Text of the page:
Neither Carl nor Ken witnessed the success of the hunt, but Ellie's howls of triumph were all they needed to get the news. Now each of the wolves had to find a way to ditch the other thundering pigs intent on stomping them into the prairie and ripping them open with their tusks.
Hank Danagar held up a fish and examined the strange thing with a frown, wondering if it was actually edible. It about as similar to a fish from Earth as the local dirt worms were to their Terran counterparts. The form and function were similar, but Bonestell's Mother Nature had given them a different design. The eyes were small and located far forward on their heads, they possessed no scales over a thick, greenish-grey rubbery skin and no matter which species were caught and examined, they all seemed to have six rudimentary flippers that possibly could have been used as feet. No one had seen any of them actually walking out on land, but several surmised these fish had the capability to do so if needed. The gills located up on top of their backs just forward of three dorsal fins undulated for long moments after caught, strengthening the hypothesis that they could get their oxygen equally from the water or the air itself.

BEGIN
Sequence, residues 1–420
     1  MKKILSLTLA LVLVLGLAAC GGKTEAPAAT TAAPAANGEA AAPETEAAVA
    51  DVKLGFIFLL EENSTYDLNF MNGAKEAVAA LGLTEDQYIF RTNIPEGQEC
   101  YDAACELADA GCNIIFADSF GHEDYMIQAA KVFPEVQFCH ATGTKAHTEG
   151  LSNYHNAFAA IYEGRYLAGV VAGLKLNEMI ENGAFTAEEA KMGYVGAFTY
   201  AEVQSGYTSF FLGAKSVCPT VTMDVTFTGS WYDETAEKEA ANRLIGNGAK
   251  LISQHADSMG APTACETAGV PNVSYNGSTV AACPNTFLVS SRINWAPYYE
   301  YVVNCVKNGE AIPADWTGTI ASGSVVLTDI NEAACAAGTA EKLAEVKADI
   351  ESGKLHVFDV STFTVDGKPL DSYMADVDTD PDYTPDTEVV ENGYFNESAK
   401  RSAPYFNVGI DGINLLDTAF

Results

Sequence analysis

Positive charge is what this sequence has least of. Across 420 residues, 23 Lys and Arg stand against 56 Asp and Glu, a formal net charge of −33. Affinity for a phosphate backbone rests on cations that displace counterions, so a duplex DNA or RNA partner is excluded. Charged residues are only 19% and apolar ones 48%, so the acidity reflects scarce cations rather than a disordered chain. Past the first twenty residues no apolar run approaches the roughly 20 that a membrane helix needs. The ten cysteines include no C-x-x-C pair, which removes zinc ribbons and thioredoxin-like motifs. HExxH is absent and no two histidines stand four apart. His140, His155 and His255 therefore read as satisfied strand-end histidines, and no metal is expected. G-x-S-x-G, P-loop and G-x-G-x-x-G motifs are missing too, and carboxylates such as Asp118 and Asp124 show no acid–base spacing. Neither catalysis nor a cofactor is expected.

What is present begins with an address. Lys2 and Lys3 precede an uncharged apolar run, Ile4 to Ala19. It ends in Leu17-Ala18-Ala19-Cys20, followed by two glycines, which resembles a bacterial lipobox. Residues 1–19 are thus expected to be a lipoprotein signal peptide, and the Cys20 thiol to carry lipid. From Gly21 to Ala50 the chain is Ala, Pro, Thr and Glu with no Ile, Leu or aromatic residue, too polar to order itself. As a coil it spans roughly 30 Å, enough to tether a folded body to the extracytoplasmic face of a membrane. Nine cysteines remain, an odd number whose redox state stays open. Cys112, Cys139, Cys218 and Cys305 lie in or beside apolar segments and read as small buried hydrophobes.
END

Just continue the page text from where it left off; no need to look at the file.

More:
He and several others were gathered around the small colony lake with fishing rods and tackle that Alicia had discovered among the supplies. For bait, they used some of the local worms and insects they could catch, and although the fish did not go after all of them, the Furs were relatively successful in bringing in a variety for the red pandas to examine. More than a few were hoping desperately that the Japanese geneticists would find the fish safe to eat as a supplement to all their diets, but none more than the bears.